GRAFTON - Grafton Mayor Ric Eberlin is also a fourth grade teacher - at least for the remainder of this school year, as he is retiring soon.

Eberlin has hosted an event for veterans near Veterans Day for years while teaching within the Jersey Community School District. He is finishing his teaching career at Grafton Elementary School, where this year's program was held. The purpose of the program, Eberlin said in his greeting Thursday morning, was to educate children regarding the sacrifices made by veterans as well as to honor veterans in the community.

To do this, Eberlin's program contained a mixture of student-driven learning and community members who have served educating. The event's speaker, Lou Lenkman, is a retired Chief Warrant Officer III from the United States Army. Eberlin said he has known Lenkman for years through the Grafton Chamber of Commerce and invited her to speak to students, veterans and parents regarding her service.

"Girls were still considered an oddity in many jobs, including the one I was on," Lenkman said.

She displayed photographs of her when she began her service as a helicopter mechanic in 1975 - dressed in a white shirt and a skirt. She said, upon her first day reporting to duty at helicopter mechanic schooling, her drill sergeant marched her more than a mile across the base to the quartermaster's office to attain her required uniform for the position.

"Looking back, I realized he didn't know what to do, and I didn't know what to do, so we marched there, and he yelled at me the whole way," she recalled. "While equal rights had been implemented before then, the Army had yet to catch on."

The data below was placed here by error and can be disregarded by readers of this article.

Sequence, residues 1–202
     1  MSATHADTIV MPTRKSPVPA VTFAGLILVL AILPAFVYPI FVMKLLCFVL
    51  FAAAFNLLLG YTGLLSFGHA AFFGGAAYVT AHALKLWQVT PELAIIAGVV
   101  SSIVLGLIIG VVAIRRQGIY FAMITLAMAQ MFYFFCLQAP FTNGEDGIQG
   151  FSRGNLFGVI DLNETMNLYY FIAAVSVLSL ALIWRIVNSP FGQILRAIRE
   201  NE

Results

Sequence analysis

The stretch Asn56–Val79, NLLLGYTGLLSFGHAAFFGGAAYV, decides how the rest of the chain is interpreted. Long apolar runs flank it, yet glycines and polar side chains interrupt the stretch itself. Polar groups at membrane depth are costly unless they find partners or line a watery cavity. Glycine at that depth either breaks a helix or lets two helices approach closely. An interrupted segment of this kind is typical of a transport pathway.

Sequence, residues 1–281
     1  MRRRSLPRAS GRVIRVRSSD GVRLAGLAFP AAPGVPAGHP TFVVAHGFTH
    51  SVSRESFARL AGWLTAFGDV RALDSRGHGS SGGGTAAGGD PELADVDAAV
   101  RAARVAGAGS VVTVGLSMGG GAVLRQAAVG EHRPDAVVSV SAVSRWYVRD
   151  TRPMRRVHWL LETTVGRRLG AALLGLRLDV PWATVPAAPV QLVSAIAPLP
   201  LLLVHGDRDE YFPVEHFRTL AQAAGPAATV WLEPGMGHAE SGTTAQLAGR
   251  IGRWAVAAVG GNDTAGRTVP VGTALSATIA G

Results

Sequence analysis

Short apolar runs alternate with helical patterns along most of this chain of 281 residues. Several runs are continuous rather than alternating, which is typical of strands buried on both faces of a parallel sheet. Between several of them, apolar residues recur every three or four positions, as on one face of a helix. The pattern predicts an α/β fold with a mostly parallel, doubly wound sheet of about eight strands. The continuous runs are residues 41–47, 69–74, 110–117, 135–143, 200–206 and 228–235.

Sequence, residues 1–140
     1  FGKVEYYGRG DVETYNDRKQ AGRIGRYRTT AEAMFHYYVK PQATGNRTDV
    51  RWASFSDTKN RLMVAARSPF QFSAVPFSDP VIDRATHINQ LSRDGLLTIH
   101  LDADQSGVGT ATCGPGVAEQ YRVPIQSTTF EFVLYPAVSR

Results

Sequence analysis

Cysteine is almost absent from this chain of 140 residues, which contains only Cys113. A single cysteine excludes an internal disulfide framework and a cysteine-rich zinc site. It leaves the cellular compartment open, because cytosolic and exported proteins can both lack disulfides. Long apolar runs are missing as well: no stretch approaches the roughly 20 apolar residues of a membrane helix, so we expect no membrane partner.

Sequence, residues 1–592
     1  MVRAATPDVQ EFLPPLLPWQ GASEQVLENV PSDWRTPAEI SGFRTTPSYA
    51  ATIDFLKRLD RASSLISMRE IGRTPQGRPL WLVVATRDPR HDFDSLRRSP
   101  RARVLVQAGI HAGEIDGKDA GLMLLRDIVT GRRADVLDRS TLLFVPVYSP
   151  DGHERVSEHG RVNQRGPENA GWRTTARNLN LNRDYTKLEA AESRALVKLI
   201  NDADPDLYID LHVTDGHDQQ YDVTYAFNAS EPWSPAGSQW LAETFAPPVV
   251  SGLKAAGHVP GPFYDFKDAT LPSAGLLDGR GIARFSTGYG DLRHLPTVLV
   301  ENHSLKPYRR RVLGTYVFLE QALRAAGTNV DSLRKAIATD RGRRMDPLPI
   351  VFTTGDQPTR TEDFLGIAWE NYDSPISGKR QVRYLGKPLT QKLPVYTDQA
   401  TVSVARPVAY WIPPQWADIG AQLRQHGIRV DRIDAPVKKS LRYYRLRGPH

Lenkman said women's roles in the United States armed forces, including the addition of women into special forces.

Later photographs provided by Lenkman showed her in full fatigues instructing soldiers how to rappel from helicopters using ropes.

Before Lenkman spoke, however, four students from Eberlin's fourth grade class, Hailey Feldman, Payton Mooney, Elise Feddersen and Sophia Zinn performed a small play regarding what constitutes a veteran.

A veteran, the young women told the crowd, is not just someone who fought in a war, not just someone who died and is not just a man. Veterans, they concluded after consulting their dictionary, are people who have served in any capacity in the armed forces, including Army, Navy, Marines, Air Force and Coast Guard.

Students from kindergarten through fourth grade then sang patriotic favorites, God Bless the USA and You're a Grand Old Flag, before Eberlin gave a video presentation of veterans related to students, which featured each veteran's photo, branch of service, and years of service. All of them were friends and relative of students and staff.

The event concluded after the Grafton American Legion Post #648 Color Guard played Taps on a bugle and marched the colors from the school's gymnasium.

Previous to that, Eberlin delivered a short lesson of the history of Taps, and how it began as a derivative to a French military tune calling soldiers to wind down activities and extinguish fires, and was appropriated for American use in the Civil War, originally by Union soldiers, until it was taken by the Confederacy as well - even being used for the funeral of Confederate General Stonewall Jackson.

It has since been played at American military funerals since 1874.

Reporter Cory Davenport can be reached via call or text at (618) 419-3046 or via email at cory@riverbender.com

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